Freedom in Architecture – An Attainable Utopia

Freedom in Architecture – An Attainable Utopia

In the mid to late 1950s, Yona Friedman, an Hungarian-born French Architect (artist, poet and so much more) made a name for himself when he introduced his Mobile Architecture Manifesto. Essentially, he proposed that humans should not need to conform to architectural constraints, but instead that architecture should be flexible and adaptable to the current and future needs of humans. Friedman’s structures and theoretical constructs therefore generally aim to facilitate freedom from the occupant’s point of view.

As we celebrate Freedom Month in SA this April and appreciate those who fought for freedom in this country, we are also inspired by freedom in architecture. The importance of this concept can be looked at from a literal perspective but also very abstractly too. Like, the freedom to be an all-woman architecture firm in Johannesburg, the freedom to express art through our designs, and the freedom to promote our sustainable and regenerative principles and beliefs, to highlight a few.

But before I delve into the literal side of this, I first need to address the elephant in the room: freedom in architecture is extremely ambiguous! Because, as all architects and those familiar with the design and building process will passionately confirm – architecture is all about the rules! It has to be this way because the standard of designing and building safe and healthy communities is very high. That’s why we appreciate and have the utmost respect for the rules.

In fact, to us there is freedom in being disciplined. Doing things the right way, day in and day out teaches us as architects to be more resourceful in our quest for freedom. And it is in searching for it, that we grow.

1. Freedom to connect with the outside

 South Africa is absolutely breath-taking. The rest of the world agrees because that’s why we are one of the top tourist destinations in the world. To have our landscapes and our natural tree and plant life, grasslands and bushveld planes as canvas… come on – how lucky are we? South African architects have the freedom to design structures that not only look out onto this beauty but also connect with it on an intimate level. This is a freedom we at Veld Architects capitalise on with each of the projects we take on.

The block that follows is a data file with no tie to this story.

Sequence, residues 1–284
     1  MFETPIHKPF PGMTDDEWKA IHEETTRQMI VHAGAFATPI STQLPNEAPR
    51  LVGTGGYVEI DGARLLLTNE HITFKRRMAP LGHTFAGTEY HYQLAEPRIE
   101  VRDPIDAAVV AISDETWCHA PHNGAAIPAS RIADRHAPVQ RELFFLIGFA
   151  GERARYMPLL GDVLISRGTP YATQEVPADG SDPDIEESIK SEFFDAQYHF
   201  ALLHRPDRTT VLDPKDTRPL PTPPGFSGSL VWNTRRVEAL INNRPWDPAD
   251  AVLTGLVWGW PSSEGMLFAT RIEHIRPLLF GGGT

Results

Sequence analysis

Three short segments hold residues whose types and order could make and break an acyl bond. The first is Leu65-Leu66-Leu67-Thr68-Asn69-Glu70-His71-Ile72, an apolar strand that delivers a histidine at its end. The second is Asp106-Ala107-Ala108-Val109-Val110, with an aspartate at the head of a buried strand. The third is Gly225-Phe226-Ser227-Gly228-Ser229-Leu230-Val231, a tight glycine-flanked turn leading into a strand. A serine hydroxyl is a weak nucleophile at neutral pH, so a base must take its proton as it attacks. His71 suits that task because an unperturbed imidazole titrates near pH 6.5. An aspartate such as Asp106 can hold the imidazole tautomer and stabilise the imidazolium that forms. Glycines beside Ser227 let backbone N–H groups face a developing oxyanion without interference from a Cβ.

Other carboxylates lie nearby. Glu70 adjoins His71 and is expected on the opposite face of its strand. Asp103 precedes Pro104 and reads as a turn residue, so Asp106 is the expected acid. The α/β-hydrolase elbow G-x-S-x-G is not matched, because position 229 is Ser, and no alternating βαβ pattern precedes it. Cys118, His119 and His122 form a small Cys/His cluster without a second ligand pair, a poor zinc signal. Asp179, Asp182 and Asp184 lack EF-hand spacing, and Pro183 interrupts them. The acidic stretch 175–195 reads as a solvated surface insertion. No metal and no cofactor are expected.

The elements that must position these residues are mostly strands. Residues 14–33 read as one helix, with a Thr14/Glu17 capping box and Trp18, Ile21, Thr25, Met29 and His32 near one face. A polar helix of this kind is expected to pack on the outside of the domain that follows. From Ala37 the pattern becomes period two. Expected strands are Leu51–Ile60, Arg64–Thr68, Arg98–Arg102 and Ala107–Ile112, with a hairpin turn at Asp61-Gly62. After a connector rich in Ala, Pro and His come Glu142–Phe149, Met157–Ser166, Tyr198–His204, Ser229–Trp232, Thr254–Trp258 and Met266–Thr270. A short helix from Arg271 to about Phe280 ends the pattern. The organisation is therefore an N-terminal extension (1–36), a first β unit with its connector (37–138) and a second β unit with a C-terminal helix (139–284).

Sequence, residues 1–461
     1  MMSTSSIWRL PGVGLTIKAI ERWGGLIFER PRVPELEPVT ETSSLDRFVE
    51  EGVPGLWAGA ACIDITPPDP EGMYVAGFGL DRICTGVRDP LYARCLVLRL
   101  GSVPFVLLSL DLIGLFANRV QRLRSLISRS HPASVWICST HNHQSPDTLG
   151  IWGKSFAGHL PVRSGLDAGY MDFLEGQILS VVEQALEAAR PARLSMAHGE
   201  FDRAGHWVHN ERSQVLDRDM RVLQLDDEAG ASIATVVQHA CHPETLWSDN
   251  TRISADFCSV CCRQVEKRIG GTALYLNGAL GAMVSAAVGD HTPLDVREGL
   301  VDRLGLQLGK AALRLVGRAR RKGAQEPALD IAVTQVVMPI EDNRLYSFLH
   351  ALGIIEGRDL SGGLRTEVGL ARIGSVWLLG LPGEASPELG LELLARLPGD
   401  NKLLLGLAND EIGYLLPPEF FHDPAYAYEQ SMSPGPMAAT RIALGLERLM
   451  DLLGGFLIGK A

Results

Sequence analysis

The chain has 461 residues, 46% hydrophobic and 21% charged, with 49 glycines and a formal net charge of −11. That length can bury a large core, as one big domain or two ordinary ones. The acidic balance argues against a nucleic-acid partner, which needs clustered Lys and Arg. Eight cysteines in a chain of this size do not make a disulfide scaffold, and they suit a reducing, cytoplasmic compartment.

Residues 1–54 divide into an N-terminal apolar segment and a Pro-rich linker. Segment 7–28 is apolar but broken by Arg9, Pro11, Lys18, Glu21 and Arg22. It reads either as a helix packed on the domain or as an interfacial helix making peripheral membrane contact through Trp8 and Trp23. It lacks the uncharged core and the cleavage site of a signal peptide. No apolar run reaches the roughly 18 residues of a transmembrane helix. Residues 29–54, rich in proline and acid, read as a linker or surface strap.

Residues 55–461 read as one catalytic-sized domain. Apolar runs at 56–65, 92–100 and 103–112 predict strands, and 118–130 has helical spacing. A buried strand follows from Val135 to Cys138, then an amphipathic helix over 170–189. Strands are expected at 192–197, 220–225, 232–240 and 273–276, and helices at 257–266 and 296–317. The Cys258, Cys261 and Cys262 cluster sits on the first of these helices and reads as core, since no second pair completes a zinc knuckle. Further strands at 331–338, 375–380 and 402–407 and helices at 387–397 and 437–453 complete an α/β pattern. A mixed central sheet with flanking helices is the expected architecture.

2. Freedom to design according to space and scale.

 Freedom in architecture allows us as architects to steer away from “trends” by creating new ones instead. When an architect can design freely, space and scale can take on a life of its own. There is something about large, open-plan, breezy and free-flowing grand rooms that echo this “freedom”. Not just figuratively – for the architect’s design, but also literally – for a home’s occupants. Freedom in design can instill freedom of movement, which creates opportunity. And if a home can do all of this, what couldn’t it do?

3. Freedom of grid

When it comes to shape and form, architecture projects for residential and commercial buildings have over the decades generally favoured geometric floor plans.

At Veld Architects, we take inspiration from the surrounding landscapes of a particular stand. We consider what kind of floor plan and building orientation will offer the best views, the most natural light, the coolest summers, warmest winters and encourage free flowing of air throughout – and we let this inspire form.

This freedom of the grid leads to more organic flow of form, and in our opinion a far more pleasing result.

4. Freedom of textures and materials

 How boring would the built environment be if all buildings were built using the same materials and textures? While our number one priority is to include eco-friendly textures and materials where possible, second to this is diversity. The innovative use of predominantly inside materials on the outside of structures and vice versa, adds to the “freedom” we have.

Yona Friedman’s Mobile Architecture and Spatial Agency theories unpack the ideologies of a city above a city; a flexible space where people are at peace, are prosperous and happy. These ideas of his were often criticised for being too unrealistic, a Utopia of sorts. But his principles are in fact not unrealistic at all.

At Veld Architects, we believe we share many of Friedman’s ways of thinking. We too believe architecture has more to offer humanity than merely a place to dwell. We believe architecture can bring peace, prosperity, happiness and HEALTH to those who live within its walls. And we believe architecture should be adaptable.

In being able to design freely in a country as beautiful as this one, we believe we are more than able to design your version of Utopia here in sunny South Africa.

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